For transportation, my mom ordered a car service ahead of time to avoid the chaos of Uber and Lyft. The service cost about $100, and the driver picked us up right outside of baggage claim. The traffic after our flight was bumper to bumper, so what should've been a 30-minute trip turned into an hour.
I was the last of my three roommates to fly into the city, but we all moved into our Little Italy apartment within the same week.
The humid weather and intense walk-up were some initial challenges off the bat, especially after the nine-hour journey.
Though we were exhausted after the flight, my mom and I still had to lug our suitcases up five flights of stairs to get to my apartment. Since our building has no elevator, the trek took some getting used to.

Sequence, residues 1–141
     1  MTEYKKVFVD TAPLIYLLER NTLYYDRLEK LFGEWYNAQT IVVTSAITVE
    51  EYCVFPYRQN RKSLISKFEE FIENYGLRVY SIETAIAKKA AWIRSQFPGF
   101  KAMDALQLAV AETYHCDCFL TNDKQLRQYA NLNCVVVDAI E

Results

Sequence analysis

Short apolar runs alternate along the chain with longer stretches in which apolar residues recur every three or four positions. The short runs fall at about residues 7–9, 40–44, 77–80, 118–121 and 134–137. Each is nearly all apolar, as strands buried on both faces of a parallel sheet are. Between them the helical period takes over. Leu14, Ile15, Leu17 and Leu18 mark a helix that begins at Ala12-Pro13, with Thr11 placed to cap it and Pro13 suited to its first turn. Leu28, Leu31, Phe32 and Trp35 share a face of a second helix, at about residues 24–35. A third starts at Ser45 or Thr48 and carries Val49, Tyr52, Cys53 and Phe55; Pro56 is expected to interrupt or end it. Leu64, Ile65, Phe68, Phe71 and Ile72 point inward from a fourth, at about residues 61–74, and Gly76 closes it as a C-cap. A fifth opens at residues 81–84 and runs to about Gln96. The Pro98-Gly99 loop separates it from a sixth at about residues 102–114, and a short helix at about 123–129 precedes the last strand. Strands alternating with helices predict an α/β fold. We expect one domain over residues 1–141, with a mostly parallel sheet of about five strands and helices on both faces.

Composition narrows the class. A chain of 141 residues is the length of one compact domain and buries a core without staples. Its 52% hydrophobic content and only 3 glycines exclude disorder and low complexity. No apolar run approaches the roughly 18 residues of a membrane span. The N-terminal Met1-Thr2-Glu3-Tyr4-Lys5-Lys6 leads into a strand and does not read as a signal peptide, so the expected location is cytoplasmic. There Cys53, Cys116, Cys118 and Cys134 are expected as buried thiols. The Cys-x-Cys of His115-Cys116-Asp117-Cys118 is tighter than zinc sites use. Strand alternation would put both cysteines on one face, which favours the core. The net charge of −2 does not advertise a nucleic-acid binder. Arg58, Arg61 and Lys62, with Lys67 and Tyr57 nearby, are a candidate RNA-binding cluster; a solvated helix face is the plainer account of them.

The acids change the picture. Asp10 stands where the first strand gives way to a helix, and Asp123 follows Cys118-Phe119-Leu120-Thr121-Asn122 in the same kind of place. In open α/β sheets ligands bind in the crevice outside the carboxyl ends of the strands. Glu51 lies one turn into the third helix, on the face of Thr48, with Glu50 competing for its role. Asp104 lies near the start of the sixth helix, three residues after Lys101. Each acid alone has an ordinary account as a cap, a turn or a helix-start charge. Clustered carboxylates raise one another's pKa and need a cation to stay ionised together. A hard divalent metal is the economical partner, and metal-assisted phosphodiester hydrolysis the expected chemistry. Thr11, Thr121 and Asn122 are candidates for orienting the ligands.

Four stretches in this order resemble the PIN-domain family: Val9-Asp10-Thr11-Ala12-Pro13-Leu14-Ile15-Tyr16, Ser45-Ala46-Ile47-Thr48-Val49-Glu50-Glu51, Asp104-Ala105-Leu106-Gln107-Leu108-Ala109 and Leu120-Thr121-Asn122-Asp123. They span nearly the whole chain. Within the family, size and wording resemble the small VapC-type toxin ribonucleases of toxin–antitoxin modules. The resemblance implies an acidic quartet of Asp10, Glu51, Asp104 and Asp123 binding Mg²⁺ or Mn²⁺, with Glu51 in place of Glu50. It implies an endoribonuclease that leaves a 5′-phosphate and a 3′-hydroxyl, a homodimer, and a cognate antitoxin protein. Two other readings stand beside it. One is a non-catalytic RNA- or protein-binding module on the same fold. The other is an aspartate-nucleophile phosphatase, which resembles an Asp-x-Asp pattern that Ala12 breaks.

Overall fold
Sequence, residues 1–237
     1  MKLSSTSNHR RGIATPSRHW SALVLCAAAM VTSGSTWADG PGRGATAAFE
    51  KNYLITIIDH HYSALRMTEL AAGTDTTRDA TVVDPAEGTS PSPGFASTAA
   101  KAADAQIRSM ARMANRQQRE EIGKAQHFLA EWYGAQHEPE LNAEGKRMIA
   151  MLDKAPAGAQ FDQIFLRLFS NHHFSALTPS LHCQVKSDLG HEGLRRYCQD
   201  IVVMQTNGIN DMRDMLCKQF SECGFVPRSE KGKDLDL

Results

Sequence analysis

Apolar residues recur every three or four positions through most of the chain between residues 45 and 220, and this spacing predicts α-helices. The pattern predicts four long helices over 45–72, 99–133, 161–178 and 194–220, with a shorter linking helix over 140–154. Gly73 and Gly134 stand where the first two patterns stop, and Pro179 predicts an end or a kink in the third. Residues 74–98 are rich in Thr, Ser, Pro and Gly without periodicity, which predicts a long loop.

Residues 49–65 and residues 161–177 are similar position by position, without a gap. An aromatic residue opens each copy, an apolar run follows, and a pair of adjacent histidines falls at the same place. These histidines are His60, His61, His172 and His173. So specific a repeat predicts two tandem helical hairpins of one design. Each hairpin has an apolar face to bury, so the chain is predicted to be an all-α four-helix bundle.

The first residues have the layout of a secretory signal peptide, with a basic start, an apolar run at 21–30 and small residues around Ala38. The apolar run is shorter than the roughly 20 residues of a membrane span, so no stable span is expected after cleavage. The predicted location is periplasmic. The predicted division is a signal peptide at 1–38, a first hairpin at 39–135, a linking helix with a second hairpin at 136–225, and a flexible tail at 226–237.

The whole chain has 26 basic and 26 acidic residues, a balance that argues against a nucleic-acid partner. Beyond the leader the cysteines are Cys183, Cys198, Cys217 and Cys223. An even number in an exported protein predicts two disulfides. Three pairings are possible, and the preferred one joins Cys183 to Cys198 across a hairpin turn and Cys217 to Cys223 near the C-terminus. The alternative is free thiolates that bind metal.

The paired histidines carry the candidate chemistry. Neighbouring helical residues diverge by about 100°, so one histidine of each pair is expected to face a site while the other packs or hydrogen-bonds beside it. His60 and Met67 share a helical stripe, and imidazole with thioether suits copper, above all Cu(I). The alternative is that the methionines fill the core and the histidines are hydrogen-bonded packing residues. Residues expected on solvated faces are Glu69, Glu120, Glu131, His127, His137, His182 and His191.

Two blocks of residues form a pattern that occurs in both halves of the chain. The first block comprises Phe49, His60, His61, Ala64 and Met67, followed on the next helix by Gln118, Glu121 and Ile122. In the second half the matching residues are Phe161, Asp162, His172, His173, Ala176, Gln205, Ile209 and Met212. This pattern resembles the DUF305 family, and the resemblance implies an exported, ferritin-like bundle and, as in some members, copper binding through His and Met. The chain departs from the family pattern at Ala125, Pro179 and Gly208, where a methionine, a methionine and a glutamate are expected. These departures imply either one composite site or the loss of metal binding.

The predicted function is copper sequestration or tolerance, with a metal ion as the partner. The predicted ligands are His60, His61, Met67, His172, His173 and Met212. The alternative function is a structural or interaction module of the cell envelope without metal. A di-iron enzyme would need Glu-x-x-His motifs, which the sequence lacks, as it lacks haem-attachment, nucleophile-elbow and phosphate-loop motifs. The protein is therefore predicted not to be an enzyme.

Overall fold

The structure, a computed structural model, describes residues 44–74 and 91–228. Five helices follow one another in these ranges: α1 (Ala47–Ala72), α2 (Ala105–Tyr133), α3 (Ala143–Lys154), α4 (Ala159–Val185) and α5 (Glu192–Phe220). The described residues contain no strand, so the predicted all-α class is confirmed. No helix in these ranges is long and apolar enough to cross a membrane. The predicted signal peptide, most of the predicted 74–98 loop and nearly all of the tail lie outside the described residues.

The weather was also not on our side during moving week, as it was hot and humid each day. Luckily, the precious tenets before us left some of their A/C units so we could cool down the apartment.
2. Costs will sneak up on you, so budget wisely but include some wiggle room.
Throughout the moving process, costs would creep up seemingly out of nowhere. From splitting laundry detergent to rush ordering an A/C unit for a heat wave in late August, there are a million little things you won't know you need until you arrive at your new location.
In terms of budgeting, it's best to create an idea of how much money to spend and be willing to be flexible depending on how the move goes. I definitely recommend downloading the Splitwise app to split costs evenly, if you have multiple roommates.